I grew up in Snohomish, Washington, a small town to the north-east of Seattle. As a young girl, I loved playing soccer. My mom put me in soccer at age 4 because she said I would not walk, but only run! As I got older, I started playing competitive soccer and that became my focus.
Also, growing up, I was a very sensitive person. My parents interpreted my sensitivity as something that would not be well suited to medicine. So, from an early age, they and I thought that I might go into education.
As I got into high school, I found myself fascinated by anatomy and physiology and how the human body worked. I had a strong stomach and dissecting frogs did not gross me out. We also did an interesting project where we got to do a body paint of muscles and tendons and I was the one who was painted on.
I found it incredibly interesting that just below the skin, there are all these muscles in all different directions, and they have all different functions. That was my first clue that this might be an area I might be interested in.
I got an athletic scholarship to college and majored in health science with an emphasis on health education. I continued to play soccer throughout college as well.
The turning point, however, came in my last semester of college. I took up an internship working for a clinical diabetic educator, helping patients manage their diabetes, and advising those who had complications and needed to be hospitalized.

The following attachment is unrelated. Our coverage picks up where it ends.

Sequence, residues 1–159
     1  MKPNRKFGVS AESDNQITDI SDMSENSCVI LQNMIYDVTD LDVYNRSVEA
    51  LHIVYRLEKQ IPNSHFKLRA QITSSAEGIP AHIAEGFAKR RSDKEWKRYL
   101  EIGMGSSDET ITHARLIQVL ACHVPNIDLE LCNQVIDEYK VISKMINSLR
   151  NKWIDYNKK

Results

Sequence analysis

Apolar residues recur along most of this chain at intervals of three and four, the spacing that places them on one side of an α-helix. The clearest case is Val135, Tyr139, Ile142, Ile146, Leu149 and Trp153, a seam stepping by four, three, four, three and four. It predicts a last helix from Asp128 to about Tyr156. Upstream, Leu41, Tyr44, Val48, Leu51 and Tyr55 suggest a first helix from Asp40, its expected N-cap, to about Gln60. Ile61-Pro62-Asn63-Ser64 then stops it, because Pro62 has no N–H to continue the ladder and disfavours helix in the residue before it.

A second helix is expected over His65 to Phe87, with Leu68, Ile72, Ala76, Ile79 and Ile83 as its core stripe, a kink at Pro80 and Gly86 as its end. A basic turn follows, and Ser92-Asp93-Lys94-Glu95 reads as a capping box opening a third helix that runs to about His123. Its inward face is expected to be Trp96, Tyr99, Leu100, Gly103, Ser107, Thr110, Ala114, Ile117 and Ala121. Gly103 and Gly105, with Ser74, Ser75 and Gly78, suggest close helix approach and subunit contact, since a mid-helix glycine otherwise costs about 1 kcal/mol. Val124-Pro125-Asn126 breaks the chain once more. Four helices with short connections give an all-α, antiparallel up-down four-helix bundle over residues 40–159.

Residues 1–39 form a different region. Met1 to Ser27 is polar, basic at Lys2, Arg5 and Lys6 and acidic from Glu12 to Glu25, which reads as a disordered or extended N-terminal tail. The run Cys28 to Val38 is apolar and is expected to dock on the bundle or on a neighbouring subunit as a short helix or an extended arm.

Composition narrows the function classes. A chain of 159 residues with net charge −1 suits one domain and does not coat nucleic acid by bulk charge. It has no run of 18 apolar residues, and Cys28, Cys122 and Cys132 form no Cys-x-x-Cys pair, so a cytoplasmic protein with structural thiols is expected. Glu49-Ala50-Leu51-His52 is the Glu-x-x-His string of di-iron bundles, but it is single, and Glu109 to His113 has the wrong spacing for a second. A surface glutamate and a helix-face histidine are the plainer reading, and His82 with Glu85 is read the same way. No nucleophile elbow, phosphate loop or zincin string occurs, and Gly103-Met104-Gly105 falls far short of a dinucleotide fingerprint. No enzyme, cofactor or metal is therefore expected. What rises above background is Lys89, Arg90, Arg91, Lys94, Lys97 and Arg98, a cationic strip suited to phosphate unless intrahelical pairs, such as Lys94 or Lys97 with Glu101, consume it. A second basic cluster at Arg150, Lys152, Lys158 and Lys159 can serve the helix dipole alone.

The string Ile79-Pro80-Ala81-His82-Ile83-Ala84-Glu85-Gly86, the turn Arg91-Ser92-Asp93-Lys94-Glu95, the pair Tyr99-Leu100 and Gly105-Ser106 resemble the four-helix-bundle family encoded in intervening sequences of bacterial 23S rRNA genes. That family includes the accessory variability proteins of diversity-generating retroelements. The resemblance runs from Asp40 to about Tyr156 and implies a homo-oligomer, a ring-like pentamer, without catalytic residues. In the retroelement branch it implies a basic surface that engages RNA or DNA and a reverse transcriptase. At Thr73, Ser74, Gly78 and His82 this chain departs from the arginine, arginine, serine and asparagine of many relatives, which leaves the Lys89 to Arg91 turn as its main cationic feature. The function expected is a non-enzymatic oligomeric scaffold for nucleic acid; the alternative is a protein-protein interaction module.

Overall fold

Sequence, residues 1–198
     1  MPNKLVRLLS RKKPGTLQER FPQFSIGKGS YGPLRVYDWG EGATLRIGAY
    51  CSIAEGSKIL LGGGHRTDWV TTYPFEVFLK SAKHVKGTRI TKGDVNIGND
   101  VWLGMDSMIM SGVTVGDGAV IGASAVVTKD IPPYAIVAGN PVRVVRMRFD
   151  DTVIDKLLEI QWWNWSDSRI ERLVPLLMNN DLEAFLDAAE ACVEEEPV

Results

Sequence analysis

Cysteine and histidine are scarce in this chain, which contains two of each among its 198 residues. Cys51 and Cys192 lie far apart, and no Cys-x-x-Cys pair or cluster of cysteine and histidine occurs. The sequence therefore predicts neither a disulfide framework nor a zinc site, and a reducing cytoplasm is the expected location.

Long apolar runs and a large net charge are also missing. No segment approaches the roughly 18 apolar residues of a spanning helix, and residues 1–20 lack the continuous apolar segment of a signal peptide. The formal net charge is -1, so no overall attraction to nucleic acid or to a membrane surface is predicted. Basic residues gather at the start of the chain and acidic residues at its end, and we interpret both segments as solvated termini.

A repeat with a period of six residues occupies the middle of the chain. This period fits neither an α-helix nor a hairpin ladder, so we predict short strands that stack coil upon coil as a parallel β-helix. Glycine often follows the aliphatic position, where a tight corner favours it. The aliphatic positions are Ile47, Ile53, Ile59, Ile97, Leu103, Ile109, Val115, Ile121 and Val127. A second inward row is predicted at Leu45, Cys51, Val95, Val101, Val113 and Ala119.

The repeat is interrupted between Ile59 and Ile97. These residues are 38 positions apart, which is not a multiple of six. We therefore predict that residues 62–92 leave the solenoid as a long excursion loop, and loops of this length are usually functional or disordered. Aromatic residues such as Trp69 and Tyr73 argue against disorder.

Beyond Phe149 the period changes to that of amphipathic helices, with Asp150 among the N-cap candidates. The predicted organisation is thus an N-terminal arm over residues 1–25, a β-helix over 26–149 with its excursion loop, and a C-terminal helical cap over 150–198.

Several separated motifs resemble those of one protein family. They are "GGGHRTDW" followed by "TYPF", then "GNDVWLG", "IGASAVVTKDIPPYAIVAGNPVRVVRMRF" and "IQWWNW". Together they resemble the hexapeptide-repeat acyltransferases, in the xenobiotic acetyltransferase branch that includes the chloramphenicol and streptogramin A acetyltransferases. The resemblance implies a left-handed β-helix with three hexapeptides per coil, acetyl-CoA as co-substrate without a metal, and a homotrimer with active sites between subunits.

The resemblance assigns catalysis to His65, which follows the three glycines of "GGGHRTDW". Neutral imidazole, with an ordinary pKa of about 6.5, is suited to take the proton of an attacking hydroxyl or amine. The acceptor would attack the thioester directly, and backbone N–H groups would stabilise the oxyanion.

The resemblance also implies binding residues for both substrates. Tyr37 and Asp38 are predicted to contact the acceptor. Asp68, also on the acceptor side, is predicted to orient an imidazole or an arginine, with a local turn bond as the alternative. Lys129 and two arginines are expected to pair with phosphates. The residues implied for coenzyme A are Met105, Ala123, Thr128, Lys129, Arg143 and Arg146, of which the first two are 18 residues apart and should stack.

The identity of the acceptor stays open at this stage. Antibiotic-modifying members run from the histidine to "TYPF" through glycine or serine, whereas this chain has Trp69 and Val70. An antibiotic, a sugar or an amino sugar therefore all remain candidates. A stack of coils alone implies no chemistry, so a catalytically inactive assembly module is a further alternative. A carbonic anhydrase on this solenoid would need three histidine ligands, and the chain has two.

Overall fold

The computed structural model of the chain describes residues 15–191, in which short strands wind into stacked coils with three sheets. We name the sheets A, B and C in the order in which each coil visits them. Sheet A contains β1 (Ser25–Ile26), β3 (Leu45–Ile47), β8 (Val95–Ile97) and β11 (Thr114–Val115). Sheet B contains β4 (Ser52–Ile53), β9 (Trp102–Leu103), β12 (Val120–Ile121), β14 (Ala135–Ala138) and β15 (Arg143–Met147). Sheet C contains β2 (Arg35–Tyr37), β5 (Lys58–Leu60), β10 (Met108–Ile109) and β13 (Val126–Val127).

I also met a Physician Assistant (PA) while I was there. Seeing my level of interest, I was offered an opportunity to observe an open heart surgery. When I saw how the PA and the cardiac surgeon worked together, and the close relationship between the PA and the patient before, during and after surgery, I was convinced that is what I wanted to do.
After graduating from college, I took up a job to pay my bills. Meanwhile, I was figuring out how to apply for a PA program and get the 3000 hours of hands-on clinical experience that was required. The opportunity came in the form of Planned Parenthood -- an organization where I joined as a medical assistant. I worked in the community vaccination program as well as in cancer screening clinics, helping women who were diagnosed with cancer get the help they need.
A year and a half and 3000 hours later, I was accepted into the PA program. While still in training, I was invited to teach a course at Stanford University for undergraduate “pre-med” students. Since there was not much training available for these students, I collaborated with a Stanford medical student to create a robust training program. I realized I really enjoyed teaching as well.
Today, I practice as a Physician Assistant in the Cardiovascular ICU at Stanford and am Principal faculty in the Stanford School of Medicine, Master of Science in Physician Assistant Studies Program. I feel lucky every day for the honor of caring for patients and for the responsibility of training the next generation of PAs.